What I love about this rule, is that it pushes you to be the action, not the reaction. It asks you to put more focus on choosing and monitoring what you are doing in life. Let’s look at some examples.

1. Projects

At the beginning of our programming life, we normally get busy with projects that challenge us. By the time we grow up older and have more experience, we start to work on stuff that’s less challenging — in our comfort zone.

To follow the 33% rule, you decide to do more side-projects that help you to stay on track. For example, if you’re an experienced programmer working full-time, instead of just working on the daily normal projects that aren’t challenging anymore, make sure to put yourself on more challenging projects as well. So, let’s say you are a web developer — start making machine learning projects with the knowledge you already have.

If you’re a fresh graduate and everything is challenging for you, try to find projects that are easy and in your comfort zone. The rule is not just about searching for challenges, it is to find the balance.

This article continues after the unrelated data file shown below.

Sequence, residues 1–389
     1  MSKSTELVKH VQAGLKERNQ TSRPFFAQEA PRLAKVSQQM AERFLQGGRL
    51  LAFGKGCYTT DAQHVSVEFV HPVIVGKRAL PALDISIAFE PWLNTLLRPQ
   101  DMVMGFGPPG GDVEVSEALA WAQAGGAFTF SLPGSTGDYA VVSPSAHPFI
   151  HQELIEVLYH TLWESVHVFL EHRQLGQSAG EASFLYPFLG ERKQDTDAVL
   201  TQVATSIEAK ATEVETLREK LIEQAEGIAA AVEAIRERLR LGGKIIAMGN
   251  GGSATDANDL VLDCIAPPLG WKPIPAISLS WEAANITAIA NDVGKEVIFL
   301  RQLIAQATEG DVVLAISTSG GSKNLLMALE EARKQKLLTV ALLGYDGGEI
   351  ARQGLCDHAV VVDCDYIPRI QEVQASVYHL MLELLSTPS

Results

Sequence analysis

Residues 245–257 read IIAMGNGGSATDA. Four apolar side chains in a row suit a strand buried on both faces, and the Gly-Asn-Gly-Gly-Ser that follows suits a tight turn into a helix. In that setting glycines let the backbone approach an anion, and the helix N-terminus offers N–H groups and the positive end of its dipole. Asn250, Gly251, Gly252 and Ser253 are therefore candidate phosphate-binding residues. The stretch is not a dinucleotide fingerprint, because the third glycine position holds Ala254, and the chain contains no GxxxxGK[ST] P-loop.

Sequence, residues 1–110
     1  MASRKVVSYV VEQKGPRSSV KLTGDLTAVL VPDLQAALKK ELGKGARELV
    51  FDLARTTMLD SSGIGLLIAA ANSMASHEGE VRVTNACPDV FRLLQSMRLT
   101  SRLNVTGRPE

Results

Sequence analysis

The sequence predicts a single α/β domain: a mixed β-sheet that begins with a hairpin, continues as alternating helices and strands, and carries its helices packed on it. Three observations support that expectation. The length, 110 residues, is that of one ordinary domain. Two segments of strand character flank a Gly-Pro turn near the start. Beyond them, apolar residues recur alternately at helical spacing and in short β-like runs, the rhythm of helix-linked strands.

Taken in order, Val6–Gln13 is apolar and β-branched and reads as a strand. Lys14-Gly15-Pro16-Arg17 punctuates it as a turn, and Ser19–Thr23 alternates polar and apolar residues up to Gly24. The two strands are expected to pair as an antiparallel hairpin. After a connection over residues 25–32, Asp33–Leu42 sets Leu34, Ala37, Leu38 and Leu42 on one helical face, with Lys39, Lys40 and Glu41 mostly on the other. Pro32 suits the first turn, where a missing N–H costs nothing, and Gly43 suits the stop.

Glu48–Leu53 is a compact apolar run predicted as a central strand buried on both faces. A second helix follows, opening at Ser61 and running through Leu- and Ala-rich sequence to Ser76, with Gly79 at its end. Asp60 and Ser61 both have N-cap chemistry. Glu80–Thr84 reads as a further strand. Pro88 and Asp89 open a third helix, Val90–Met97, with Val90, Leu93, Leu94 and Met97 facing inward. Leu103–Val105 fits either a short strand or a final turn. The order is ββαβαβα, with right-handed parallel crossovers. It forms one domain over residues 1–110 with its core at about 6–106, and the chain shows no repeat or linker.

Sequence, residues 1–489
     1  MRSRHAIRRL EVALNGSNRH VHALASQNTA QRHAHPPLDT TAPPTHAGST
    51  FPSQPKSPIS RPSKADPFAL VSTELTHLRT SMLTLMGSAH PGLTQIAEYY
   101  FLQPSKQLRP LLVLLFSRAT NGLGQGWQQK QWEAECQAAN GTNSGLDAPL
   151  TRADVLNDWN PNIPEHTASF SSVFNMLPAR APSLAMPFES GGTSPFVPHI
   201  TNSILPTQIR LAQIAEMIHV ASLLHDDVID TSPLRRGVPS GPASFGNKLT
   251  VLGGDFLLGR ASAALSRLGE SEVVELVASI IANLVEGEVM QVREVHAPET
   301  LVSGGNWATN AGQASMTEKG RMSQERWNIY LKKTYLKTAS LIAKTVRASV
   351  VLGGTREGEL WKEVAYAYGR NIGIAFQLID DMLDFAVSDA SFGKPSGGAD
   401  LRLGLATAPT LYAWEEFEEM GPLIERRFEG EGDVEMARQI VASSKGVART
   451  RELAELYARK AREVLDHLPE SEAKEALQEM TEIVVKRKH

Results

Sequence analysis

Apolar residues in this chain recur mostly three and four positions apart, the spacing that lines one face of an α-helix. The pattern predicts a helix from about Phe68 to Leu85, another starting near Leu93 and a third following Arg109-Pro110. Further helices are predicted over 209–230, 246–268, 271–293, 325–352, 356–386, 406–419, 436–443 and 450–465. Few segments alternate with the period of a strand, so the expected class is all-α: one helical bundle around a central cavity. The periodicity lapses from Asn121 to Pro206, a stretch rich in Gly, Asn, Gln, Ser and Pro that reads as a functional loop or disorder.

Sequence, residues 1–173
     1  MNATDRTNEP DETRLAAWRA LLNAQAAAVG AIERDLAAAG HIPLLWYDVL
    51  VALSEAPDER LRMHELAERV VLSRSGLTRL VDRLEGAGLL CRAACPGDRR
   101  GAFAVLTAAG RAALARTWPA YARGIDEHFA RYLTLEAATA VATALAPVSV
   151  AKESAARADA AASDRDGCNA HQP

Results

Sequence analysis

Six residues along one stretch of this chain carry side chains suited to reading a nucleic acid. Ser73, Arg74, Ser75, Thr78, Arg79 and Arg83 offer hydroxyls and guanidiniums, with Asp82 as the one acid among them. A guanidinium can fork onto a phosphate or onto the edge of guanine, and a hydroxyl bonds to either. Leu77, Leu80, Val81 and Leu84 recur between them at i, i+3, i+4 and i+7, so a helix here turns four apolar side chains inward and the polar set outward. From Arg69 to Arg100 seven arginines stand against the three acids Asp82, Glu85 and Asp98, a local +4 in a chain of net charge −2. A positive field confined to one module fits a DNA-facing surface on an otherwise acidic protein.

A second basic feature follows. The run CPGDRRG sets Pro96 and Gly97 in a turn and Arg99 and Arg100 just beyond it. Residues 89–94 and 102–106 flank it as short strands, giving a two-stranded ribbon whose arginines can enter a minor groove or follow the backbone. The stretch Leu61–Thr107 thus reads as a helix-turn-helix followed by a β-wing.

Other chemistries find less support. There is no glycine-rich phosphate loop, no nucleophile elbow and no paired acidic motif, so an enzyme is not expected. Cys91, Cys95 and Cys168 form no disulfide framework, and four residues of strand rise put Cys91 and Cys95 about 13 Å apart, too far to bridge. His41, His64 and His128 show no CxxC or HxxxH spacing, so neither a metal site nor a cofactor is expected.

So balance your projects between:
  • Challenging: Find projects you don’t know how to do yet, and start doing.
  • Comfort zone: Do projects you are already very good at, freelance, volunteer, and try to always stay experienced at what you are already experienced at.
  • Normal part: The normal part, is the project we usually all do, sometimes challenging, sometimes noy.

2. Learning

When we are students we try to learn almost everything, but later, after graduation, we focus on just one thing. In the beginning, as a fresh graduate, you will learn a lot more, but with time you can get into your comfort zone. What I need you to do is:
  • Challenging: Learn something really new, maybe a new field. So if you do web development, start checking mobile development for example.